Discrimination within the family courts; childrens safety put at risk, a report by Women’s Aid and Queen Mary University has claimed.
The report reveals that there is a prevalence of “damaging gendered stereotypes and harmful attitudes towards domestic abuse survivors and mothers within the family courts” which is putting survivors and their children’s safety at risk and preventing them from accessing justice.
The report urges the government to carry out an independent inquiry into family courts in a bid to eradicate the systematic gender discrimination.
Katie Ghose, Chief Executive of Women’s Aid, said: “For far too long, survivors have endured continued abuse at the hands of their abuser in the family courts. Enough is enough. We want to shine a light on what is really going on behind the closed doors of the family courts, and call time on the injustice being done to survivors of domestic abuse and their children.”
The report collected quantitative and qualitative data from 72 women living in England on their experiences of the family courts.
The report revealed:
- Survivors reported that they were repeatedly not believed, were blamed for experiencing abuse and seen as unstable by judges, barristers and Cafcass officers.
- Almost half of survivors (48%) reported that there was no fact-finding into the allegations of domestic abuse in their case.
- One survivor reported that her abusive ex-partner was able to cross-examine her about her sexual history during child contact proceedings.
One anonymous survivor explained: “The judge said: ‘I see that you’ve been in a previous relationship that was quite abusive.’ I thought: ‘you think that I attract abusive men’. And I just felt so degraded.”
Women’s Aid launched the Child First campaign in January 2016,which urged the family courts and the government to put the safety of children back at the heart of all contact decisions made by the family court judiciary.
There has been some progress made since the campaign launched with the revision of Practice Direction 12J, the guidance given to family court judges in child contact cases where there is an allegation of domestic abuse, and a government commitment to ban the practice of abusers cross-examining victims in the family courts.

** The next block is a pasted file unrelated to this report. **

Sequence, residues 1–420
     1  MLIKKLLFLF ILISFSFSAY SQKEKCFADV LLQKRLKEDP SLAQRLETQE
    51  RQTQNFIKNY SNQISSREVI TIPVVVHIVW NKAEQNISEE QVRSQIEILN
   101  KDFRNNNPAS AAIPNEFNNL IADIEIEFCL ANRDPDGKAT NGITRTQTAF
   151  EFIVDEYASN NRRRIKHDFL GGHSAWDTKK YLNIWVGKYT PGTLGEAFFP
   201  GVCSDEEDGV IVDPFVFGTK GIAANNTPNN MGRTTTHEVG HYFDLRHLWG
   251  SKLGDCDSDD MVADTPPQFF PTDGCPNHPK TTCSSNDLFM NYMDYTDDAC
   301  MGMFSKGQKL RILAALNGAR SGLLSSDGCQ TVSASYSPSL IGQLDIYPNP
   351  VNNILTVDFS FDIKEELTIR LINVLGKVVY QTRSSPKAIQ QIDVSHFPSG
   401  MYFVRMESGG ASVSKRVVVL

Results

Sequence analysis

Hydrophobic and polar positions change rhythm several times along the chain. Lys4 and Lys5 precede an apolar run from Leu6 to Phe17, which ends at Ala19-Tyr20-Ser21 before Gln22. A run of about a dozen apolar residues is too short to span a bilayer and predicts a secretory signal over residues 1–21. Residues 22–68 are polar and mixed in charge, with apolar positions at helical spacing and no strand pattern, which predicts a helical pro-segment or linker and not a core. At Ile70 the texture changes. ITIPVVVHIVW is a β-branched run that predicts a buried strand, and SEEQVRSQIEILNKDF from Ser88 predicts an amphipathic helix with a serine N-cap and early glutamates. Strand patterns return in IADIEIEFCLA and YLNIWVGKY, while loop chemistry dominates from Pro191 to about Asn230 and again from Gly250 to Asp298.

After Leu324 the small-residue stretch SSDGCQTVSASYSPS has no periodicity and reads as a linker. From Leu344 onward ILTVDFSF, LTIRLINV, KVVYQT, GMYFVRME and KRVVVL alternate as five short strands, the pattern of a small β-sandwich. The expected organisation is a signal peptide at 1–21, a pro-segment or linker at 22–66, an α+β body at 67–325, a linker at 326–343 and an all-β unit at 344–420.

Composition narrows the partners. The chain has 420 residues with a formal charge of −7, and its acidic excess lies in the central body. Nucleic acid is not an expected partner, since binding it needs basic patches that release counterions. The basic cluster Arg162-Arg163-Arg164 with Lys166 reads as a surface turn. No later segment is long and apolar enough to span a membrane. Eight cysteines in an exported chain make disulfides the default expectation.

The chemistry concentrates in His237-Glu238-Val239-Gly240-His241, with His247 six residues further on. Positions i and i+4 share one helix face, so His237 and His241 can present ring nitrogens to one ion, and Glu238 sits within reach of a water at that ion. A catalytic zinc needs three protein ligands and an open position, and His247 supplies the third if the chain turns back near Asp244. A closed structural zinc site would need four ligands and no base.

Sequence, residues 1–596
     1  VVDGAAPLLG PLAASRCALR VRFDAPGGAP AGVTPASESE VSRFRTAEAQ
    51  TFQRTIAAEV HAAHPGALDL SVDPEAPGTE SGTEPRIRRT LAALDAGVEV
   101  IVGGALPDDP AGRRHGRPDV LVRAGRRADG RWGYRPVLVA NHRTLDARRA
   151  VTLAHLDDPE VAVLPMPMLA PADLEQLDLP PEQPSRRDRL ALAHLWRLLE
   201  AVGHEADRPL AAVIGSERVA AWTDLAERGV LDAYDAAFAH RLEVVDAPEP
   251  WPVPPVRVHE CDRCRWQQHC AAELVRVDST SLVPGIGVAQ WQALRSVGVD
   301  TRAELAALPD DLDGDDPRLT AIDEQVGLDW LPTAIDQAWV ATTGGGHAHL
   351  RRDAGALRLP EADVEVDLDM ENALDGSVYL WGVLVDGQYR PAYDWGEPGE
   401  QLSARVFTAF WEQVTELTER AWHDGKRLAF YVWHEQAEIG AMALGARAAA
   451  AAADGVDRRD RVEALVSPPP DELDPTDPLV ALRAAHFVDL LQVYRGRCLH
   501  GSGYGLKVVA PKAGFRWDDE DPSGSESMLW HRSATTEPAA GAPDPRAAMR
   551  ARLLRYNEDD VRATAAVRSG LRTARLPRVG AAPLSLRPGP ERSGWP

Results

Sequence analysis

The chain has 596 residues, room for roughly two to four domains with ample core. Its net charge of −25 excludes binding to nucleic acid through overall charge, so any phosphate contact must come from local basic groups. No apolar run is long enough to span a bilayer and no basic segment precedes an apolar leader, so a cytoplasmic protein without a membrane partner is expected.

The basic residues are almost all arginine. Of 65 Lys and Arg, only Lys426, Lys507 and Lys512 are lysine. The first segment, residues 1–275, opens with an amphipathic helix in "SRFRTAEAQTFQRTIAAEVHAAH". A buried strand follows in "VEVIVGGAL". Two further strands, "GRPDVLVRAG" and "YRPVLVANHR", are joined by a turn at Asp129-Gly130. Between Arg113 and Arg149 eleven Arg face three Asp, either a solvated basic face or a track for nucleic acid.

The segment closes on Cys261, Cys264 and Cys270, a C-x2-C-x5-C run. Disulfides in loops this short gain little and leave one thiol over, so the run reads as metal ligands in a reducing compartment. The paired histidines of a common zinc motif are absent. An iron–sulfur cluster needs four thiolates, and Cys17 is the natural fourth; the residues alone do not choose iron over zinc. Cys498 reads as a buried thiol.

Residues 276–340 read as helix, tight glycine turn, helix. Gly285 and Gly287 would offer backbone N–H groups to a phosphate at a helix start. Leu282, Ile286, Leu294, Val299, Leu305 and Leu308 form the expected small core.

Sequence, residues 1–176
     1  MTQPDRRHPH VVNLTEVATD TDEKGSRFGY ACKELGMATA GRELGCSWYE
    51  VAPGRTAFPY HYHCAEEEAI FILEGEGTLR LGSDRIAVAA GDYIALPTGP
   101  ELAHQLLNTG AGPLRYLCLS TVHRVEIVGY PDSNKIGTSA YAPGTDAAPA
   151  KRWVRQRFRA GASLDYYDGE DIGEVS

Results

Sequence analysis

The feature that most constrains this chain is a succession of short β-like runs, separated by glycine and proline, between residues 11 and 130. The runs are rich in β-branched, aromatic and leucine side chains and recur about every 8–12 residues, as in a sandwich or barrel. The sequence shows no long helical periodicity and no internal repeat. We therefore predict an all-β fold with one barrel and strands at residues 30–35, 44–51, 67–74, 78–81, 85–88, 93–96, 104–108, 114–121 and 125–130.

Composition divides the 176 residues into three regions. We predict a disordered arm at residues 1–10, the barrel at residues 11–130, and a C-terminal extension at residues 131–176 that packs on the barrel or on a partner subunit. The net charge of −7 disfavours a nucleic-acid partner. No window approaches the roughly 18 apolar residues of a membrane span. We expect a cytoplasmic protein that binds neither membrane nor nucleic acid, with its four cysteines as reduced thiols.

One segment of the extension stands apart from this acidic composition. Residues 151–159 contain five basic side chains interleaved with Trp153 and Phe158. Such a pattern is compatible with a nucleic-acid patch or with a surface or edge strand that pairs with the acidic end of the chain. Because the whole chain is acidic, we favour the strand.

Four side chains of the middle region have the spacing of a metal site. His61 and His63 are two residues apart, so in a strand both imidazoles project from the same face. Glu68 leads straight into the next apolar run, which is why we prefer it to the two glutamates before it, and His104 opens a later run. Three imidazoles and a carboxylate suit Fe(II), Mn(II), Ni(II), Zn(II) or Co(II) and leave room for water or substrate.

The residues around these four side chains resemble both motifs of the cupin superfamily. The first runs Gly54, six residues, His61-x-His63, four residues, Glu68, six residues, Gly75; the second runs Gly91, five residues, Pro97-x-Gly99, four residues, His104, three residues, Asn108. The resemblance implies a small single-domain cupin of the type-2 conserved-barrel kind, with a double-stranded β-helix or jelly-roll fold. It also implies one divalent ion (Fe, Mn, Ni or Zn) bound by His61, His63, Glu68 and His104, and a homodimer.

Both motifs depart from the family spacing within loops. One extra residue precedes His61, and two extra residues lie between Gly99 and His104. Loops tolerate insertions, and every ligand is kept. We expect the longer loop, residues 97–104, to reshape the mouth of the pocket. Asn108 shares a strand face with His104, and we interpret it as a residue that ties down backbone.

However, the report unveils that there continues to be a lack of protections within the family courts for survivors of domestic abuse. One quarter of survivors surveyed reported that they had been cross-examined by their abusive ex-partner during the court hearings and three in five survivors reported that there were no special measures in place such as separate waiting rooms, different entry/exit times, screen or video link.
“These lack of measures to protect survivors from abuse during the court process harms their ability to give evidence and prevents them from effectively advocating for their children in court,” said the report.
The report also revealed a clear link between survivors’ experience of domestic abuse, including coercive control and post-separation abuse, and risks to children’s wellbeing and safety.
- Two thirds of survivors reported that their abusive ex-partner had also been emotionally abusive towards their child/children.
- Almost two in five survivors reported that their abusive ex-partner had also been physically abusive towards their child/children.
- Yet unsupervised contact with an abusive parent was most likely to be awarded in the cases in our sample.
This reinforced findings from a recent report by Cafcass and Women’s Aid which revealed that unsupervised contact was ordered at the final hearing in almost two in five cases where there was an allegation of domestic abuse. In the most extreme cases, contact decisions threatened survivors and their children’s human right to life when contact orders placed them in unsafe proximity to abusive ex-partners or confidential information about their address or location was revealed during the court process.
Survivors’ lack of access to a fair hearing is clearly putting children’s wellbeing and safety at risk, said the report.
Katie Ghose, Chief Executive of Women’s Aid, added: “We know that perpetrators of domestic abuse are using the family courts to continue to control and abuse victims, and that the sexist attitudes entrenched within the family courts are enabling that abuse. That’s why we are calling on the government to commission an independent inquiry into the family courts to review the culture, practice and outcomes in child contact cases where there is an allegation of domestic abuse. Only a wholesale review of the family courts can bring about the change we need to see to ensure that they operate safely, effectively and fairly in future.
“It is a matter of urgency that the government bans the unacceptable practice of the cross-examination of victims by abusers – survivors have been waiting over a year since the government committed to bring this legislation forward. We also want to see compulsory and ongoing training for all professionals – from judges and solicitors through to court support staff and Cafcass officers – on domestic abuse co-delivered by specialists like Women’s Aid. This must cover coercive control, post-separation abuse and how children experience domestic abuse so that all professionals can identify and understand domestic abuse to effectively safeguard children and non-abusive parents throughout the court process.
“We’re calling time’s up on a family court system that is not just, we’re calling time’s up on a family court system that does not take allegations of domestic abuse seriously, we’re calling time’s up on a family court system that shows attitudes of deep-rooted gender discrimination. We want a family courts system where survivors can access justice free from abuse and for children’s safety to be put at the heart of all decisions made by the family courts,” she concluded.